Three Healthy Uses for Licorice

Three Healthy Uses for Licorice

Laurie head shotPosted by Laurie Fanelli, guest blogger

It can be difficult to limit our intake of sweets. But did you know that some popular treats, like licorice, are actually derived from the root of a plant—the uses of which transcend confectionery traditions?

The liquorice plant has been used as a remedy to treat several issues for thousands of years. According to the University of Maryland Medical Center (UMMC), both Eastern and Western medicine applies it to a variety of illnesses, ranging from the common cold to liver disease. “It acts as a demulcent, a soothing, coating agent,” explains UMMC, “and as an expectorant, meaning it helps get rid of phlegm.” The use of the extract may cause side-effects, so please consult with your doctor before integrating this natural ingredient into your health and beauty regimen.licorice root

Here are a few of my favorite uses for the versatile liquorice root:

Breath Freshener

Liquorice root is tasty—which is why it makes such a delicious candy—but it also has properties that benefit oral care while freshening your breath. The original candy breath freshener, Sen-Sen, was made with liquorice and sold in general stores across the country as early as the 19th century. Sadly this iconic candy was discontinued in 2013, but the unique flavor derived from liquorice root remains in demand today.

Liquorice extract is a popular natural ingredient in numerous products, including Tom’s of Maine’s Wicked Fresh! Toothpaste. Besides its sweet flavor, the extract also has antimicrobial, antioxidant, and anti-inflammatory properties that make it the perfect ingredient for keeping your teeth (and breath) clean. Plus, it is an herbal ingredient, so don’t brush off this remedy as any other natural substance just yet. Its lasting benefits to oral care are hard to ignore.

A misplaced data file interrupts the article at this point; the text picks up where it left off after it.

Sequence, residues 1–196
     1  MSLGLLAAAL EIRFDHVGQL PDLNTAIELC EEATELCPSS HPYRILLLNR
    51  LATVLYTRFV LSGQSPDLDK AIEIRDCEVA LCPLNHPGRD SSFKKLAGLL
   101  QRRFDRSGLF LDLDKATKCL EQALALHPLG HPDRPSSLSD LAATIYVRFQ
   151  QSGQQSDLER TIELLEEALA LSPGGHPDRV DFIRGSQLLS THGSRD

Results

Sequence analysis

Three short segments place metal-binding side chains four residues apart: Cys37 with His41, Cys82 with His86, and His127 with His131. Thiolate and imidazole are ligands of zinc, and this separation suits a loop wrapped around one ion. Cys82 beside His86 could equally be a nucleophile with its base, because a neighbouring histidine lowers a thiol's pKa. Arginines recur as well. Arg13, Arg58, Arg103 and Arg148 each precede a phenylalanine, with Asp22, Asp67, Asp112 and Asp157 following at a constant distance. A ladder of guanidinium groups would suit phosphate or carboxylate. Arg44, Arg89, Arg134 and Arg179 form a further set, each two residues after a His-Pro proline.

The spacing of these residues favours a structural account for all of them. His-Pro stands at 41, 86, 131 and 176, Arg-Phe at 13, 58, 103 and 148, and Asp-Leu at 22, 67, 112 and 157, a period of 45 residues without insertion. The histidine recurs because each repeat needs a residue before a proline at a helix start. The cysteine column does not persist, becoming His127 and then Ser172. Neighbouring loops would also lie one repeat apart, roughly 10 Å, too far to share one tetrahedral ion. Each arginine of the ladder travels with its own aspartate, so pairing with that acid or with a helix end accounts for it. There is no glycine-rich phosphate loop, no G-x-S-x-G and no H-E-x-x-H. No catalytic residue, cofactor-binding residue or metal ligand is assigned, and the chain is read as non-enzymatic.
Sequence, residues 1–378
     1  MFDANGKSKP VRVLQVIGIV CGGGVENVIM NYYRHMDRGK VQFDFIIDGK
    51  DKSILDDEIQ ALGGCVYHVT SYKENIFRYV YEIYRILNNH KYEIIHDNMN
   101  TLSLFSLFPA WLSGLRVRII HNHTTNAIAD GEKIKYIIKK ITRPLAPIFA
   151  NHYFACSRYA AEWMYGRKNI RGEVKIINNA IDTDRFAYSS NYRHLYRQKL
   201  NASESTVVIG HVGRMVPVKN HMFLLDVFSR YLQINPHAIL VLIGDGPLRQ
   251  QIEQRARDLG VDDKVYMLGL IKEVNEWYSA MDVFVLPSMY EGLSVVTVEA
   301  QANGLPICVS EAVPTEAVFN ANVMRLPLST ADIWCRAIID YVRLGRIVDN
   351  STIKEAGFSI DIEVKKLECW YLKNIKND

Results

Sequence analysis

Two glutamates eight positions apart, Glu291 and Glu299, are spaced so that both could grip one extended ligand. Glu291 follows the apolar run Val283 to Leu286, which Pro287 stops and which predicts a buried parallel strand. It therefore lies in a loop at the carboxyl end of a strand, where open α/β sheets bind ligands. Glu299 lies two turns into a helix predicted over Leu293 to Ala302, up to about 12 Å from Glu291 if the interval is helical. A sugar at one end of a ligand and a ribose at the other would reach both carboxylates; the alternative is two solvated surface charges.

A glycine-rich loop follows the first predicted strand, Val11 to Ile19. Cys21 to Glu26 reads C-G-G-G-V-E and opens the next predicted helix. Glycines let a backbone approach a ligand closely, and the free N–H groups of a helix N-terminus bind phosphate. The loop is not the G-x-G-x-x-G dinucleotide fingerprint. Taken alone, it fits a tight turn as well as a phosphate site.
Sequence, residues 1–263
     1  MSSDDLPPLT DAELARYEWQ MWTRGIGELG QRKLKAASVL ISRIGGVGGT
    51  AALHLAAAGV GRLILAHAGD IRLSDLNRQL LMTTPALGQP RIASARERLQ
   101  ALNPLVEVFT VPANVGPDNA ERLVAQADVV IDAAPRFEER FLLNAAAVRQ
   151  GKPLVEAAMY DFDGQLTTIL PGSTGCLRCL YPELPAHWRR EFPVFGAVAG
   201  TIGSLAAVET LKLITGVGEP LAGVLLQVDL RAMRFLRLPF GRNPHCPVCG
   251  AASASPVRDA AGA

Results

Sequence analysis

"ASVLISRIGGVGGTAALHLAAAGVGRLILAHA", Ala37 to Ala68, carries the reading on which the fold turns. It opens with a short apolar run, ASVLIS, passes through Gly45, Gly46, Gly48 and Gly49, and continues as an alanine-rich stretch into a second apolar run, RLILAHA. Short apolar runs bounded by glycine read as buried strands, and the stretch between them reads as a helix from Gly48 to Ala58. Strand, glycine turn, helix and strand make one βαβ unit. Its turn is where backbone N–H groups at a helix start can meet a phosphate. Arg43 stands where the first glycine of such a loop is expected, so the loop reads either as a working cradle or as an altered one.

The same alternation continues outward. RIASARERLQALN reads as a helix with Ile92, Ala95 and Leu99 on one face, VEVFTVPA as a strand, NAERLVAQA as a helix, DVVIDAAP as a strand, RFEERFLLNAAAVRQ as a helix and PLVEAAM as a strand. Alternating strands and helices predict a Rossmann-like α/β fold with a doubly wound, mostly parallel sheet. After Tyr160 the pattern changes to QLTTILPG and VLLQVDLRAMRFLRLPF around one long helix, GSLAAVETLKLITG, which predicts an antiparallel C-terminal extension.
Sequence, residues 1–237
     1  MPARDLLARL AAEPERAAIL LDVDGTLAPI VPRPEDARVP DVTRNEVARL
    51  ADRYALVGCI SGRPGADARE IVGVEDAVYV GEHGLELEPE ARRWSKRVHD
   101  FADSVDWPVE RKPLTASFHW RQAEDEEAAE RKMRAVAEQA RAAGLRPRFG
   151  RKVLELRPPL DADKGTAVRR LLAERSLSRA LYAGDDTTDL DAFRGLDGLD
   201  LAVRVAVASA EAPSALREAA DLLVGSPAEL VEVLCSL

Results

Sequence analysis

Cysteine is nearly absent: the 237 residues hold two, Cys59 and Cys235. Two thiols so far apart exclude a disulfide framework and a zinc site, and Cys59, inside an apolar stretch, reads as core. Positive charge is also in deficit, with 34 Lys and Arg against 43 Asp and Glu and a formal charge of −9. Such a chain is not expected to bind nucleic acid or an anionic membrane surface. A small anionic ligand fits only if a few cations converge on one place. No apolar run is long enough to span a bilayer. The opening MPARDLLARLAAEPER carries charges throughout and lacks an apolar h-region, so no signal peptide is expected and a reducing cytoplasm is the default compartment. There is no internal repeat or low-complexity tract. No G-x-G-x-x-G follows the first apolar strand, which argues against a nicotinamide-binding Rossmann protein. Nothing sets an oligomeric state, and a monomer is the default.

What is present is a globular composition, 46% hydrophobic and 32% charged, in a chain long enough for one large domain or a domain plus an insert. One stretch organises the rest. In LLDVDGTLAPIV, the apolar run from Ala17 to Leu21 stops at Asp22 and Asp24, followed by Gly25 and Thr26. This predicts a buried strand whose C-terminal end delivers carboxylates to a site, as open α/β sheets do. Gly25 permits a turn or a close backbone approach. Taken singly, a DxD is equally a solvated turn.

Natural Remedies

Liquorice extract’s conditional uses are very diverse, known for reducing peptic ulcers, relieving pain from canker sores, aiding indigestion, and treating upper respiratory infections. Gargling with liquorice can even help relieve the pain that comes from having a sore throat.

Licorice is often shaped like a pinwheel in candy.

Licorice is a unique flavor, popular in many candies and treats, but licorice extract also has many uses for oral care, natural remedies, and cosmetic treatments. Here are just a few of the surprising uses of licorice root.

One of the most popular uses for liquorice is aiding in weight loss. Research cited by the UMMC shows the ingredient reduces body fat when consumed regularly (3.5 grams of licorice a day) and when applied topically. Although nothing beats a healthy diet and ample exercise, it is nice to have a friend in liquorice root, waiting in the wings to supplement a physical routine with a body fat-blasting boost every once in a while. Don’t forget to check in with your doctor before starting any new weight loss routine.

Cosmetic Treatments

Eczema is a frustrating condition that irritates the skin with redness, itching, and swelling. In another UMMC study, it was found that liqorice applied to the skin in gel form helped to relieve the symptoms of eczema better than a product containing less of the root. Liquorice extract has also been known to aid in skin care by reducing the redness of scars and blemishes.

Liquorice extract offers similar benefits to the hair and scalp by limiting dandruff and fortifying the hair shaft. It is also believed that adding some liquorice essential oil to tea helps to stimulate hair growth.

So, the next time you treat yourself to a Good & Plenty, remember that liquorice root is so much more than a tasty flavor. What are some of your favorite health and beauty products that contain liquorice extract? Let us know with a #GoodMatters tweet or by leaving a comment below.

Image sources: Wikimedia Commons |Flickr

This article was brought to you by Tom’s of Maine. The views and opinions expressed by the author do not reflect the position of Tom’s of Maine.